letteropener1This, too, is a letter opener.  It’s 8 inches long, with the handle and blade being of equal size.  The wood is called Indian Rosewood (Dalbergia Sissoo), again from the Phoenix area.  After sanding, I gave it a light coat of mineral oil to bring out the grain.  I like the way it looks, but it doesn’t open letters very well.

oakThe … whatever it is, above, started out as a branch from an oak tree here that didn’t survive last year’s drought.  I had intended to carve one of my little bears, but the wood is so hard that I became frustrated.  It’s kind of cute, but mostly a very good reminder of just how hard it is to carve oak.  The piece is 3 inches tall and about 1.25 inches in diameter.

swirlThis little doodle is another piece of Indian Rosewood.  I started just whittling a relief that curved around to capture each knot on the branch.  Somewhere along the line I got the idea to try making a corkscrew.  Nothing more than a curiousity, really.

I carved all of the above pieces with my Buck pocket knife.  There’s nothing real special about the knife other than it’s quite a bit sharper now than when I bought it.

I know these pieces aren’t exactly high art, but working on them did keep me amused and occupied during a particularly difficult period.

Wrap Rage

We’ve all experienced it, the anger and frustration that ensues when we try to open one of those clamshell packages that contain whatever new geegaw we picked up.  You can’t open it with your bare hands.  Normal office scissors are ineffective.  If you’re lucky you can puncture that plastic armor with your pocketknife, and if you’re lucky you won’t cut yourself with the blade or with the packaging itself.

The term for these feelings is wrap rage.  Consumer Reports officially recognized the phenomenon in 2006 when it created the Oyster Awards for products that are particularly hard to open.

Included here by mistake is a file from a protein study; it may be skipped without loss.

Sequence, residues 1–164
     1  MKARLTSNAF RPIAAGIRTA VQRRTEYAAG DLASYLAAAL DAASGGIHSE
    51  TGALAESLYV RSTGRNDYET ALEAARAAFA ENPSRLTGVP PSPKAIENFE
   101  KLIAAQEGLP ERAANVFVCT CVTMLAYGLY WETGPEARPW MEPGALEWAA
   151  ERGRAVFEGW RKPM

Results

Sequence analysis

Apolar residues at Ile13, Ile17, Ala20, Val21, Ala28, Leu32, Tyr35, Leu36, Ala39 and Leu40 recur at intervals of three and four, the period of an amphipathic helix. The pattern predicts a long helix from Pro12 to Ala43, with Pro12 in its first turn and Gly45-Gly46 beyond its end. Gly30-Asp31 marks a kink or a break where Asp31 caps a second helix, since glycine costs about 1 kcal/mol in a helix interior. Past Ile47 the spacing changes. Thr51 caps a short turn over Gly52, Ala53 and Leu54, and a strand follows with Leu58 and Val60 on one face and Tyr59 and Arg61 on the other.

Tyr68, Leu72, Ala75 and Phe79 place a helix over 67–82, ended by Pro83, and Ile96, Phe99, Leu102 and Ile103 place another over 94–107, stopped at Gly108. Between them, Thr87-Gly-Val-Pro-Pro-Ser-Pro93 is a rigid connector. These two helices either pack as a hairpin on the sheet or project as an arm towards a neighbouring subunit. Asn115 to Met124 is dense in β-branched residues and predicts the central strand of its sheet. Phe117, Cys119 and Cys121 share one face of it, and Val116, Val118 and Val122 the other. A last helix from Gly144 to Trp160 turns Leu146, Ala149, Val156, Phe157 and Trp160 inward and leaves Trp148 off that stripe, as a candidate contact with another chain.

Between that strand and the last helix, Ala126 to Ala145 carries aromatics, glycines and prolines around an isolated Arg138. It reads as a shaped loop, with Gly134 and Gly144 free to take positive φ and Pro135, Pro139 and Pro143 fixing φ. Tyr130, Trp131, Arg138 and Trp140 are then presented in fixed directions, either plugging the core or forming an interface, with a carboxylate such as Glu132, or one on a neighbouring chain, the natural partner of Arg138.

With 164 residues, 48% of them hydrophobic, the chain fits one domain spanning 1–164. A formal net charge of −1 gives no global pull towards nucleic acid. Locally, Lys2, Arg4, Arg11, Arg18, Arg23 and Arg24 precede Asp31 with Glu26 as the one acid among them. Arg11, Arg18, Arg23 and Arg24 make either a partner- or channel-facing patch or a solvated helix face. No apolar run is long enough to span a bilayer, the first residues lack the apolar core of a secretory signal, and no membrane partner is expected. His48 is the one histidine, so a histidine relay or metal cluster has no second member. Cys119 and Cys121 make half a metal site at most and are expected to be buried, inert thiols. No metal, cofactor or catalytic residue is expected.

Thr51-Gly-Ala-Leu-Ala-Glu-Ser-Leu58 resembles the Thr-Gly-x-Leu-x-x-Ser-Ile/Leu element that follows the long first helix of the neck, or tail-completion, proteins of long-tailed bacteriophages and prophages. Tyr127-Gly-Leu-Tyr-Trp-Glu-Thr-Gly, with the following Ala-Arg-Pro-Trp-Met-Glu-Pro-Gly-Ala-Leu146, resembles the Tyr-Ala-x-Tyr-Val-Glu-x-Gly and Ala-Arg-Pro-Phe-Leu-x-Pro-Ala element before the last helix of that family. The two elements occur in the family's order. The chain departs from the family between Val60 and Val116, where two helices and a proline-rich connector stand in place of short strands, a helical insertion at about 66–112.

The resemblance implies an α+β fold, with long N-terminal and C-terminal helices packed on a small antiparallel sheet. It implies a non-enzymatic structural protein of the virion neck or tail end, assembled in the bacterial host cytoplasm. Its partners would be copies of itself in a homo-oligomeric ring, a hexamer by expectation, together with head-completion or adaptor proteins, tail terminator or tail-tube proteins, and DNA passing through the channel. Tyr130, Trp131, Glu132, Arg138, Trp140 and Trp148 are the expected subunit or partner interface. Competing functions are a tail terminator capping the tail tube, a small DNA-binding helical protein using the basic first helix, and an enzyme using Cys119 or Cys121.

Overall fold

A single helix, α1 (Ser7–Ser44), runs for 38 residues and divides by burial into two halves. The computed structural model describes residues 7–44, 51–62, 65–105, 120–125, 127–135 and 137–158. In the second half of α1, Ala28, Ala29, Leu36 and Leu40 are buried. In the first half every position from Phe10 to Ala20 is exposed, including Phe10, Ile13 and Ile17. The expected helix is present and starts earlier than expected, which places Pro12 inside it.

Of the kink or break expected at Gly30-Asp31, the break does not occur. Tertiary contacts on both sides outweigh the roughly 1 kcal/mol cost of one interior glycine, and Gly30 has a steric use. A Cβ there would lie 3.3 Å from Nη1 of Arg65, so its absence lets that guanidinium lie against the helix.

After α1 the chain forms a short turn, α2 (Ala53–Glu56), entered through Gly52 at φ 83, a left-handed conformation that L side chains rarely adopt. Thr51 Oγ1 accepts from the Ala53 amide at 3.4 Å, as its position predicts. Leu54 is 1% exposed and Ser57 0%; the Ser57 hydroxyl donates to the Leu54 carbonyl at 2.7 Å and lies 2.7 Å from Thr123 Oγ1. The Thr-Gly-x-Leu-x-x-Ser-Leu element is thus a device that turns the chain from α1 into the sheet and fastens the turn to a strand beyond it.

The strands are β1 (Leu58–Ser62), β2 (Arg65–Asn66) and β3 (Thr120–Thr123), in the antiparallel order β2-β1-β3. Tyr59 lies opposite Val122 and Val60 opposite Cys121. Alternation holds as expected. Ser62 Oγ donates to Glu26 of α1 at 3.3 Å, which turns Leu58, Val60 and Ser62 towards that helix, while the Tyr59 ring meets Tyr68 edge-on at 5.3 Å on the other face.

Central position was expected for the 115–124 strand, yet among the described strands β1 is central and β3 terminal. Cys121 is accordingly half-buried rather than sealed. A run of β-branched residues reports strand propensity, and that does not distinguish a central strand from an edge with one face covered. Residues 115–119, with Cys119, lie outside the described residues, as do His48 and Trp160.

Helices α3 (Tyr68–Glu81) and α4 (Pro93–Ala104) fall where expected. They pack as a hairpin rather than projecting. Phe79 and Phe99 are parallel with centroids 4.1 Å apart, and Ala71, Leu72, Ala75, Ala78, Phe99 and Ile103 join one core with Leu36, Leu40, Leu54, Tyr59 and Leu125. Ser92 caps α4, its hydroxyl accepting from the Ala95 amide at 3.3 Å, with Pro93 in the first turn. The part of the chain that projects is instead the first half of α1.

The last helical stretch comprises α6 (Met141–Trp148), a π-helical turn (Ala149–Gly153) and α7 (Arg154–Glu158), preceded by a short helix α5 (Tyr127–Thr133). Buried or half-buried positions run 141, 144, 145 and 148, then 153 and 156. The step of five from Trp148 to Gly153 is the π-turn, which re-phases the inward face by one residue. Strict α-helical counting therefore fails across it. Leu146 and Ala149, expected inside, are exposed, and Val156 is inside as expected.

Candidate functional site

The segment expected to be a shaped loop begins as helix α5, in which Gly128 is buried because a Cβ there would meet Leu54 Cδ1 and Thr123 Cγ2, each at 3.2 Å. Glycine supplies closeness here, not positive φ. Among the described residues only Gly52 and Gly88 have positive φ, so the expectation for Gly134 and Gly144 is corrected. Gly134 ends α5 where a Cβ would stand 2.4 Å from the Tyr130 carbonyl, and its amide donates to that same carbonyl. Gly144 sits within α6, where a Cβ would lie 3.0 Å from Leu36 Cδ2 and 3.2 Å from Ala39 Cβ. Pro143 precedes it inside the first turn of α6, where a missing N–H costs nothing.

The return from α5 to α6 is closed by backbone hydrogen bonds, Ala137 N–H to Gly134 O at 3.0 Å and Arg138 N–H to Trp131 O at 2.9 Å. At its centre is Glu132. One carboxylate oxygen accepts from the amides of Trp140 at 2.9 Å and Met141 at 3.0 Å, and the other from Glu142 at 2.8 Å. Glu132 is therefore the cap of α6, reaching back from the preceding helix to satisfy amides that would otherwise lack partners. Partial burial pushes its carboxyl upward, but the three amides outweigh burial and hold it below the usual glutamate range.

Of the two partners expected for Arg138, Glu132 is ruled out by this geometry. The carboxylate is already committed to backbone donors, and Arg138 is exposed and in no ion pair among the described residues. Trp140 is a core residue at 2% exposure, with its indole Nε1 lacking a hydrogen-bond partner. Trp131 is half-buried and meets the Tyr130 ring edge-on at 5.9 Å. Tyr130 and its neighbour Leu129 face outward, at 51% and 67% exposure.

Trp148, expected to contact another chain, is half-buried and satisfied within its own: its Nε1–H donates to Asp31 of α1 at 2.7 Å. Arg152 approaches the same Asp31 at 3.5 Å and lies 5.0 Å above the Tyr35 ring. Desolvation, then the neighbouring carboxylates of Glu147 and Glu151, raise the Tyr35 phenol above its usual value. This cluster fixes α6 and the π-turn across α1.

It’s so comforting to know that I’m not alone.  A YouTube search for “wrap rage” results in almost 100 hits, including local television news stories, product demonstrations, and parodies of all sorts.  It’s the product demonstrations that amuse me more than anything else.  Some resourceful entrepreneurs who experienced wrap rage themselves decided to make a buck.  There are dozens of different devices designed to simplify the process of opening the clamshells.  Millions of units have been sold.

Amusingly, some of those devices are themselves distributed in clamshell packages, resulting in something of a chicken-and-egg problem.

The reason for this type of packaging is apparently theft deterrence.  If things are that hard to open, it’s unlikely that a thief will be able to remove small items from oversized packages and slip them into a purse or pocket.  I suppose it works, but at what cost?  Large retailers like Target and Wal-Mart are willing to annoy and inconvenience their customers with these packages rather than come up with a less intrusive way to deter shoplifting.

I have to admit that I’m surprised by the almost complete lack of outcry by the environmental movement regarding these packages.  Small items, especially, are often surrounded by many times their weight in protective plastic–plastic that more often than not ends up in landfills because even dedicated recyclers often don’t know whether the clamshell packaging is recyclable.  Environmentalist groups boycotted Big Macs back when they came in Styrofoam containers.  But clamshell packages?  I hear crickets.

I’m also surprised that, as much as people complain about these packages (and I don’t know anybody who extols their virtues), there hasn’t been a huge revolt by consumers.  Why aren’t there more people (or more vocal people) agitating for the abolition of this unfriendly, environmentally harmful, and dangerous to open packaging?  Again with the crickets.

After fighting one time too many with opening an armor plastic package to get at something that I found wasn’t worth all the effort, I will now make a concerted effort to avoid those packages whenever possible.  I’m done risking life and limb to open things.  If retailers want to sell me stuff, they’ll have to make it convenient for me to buy and to open.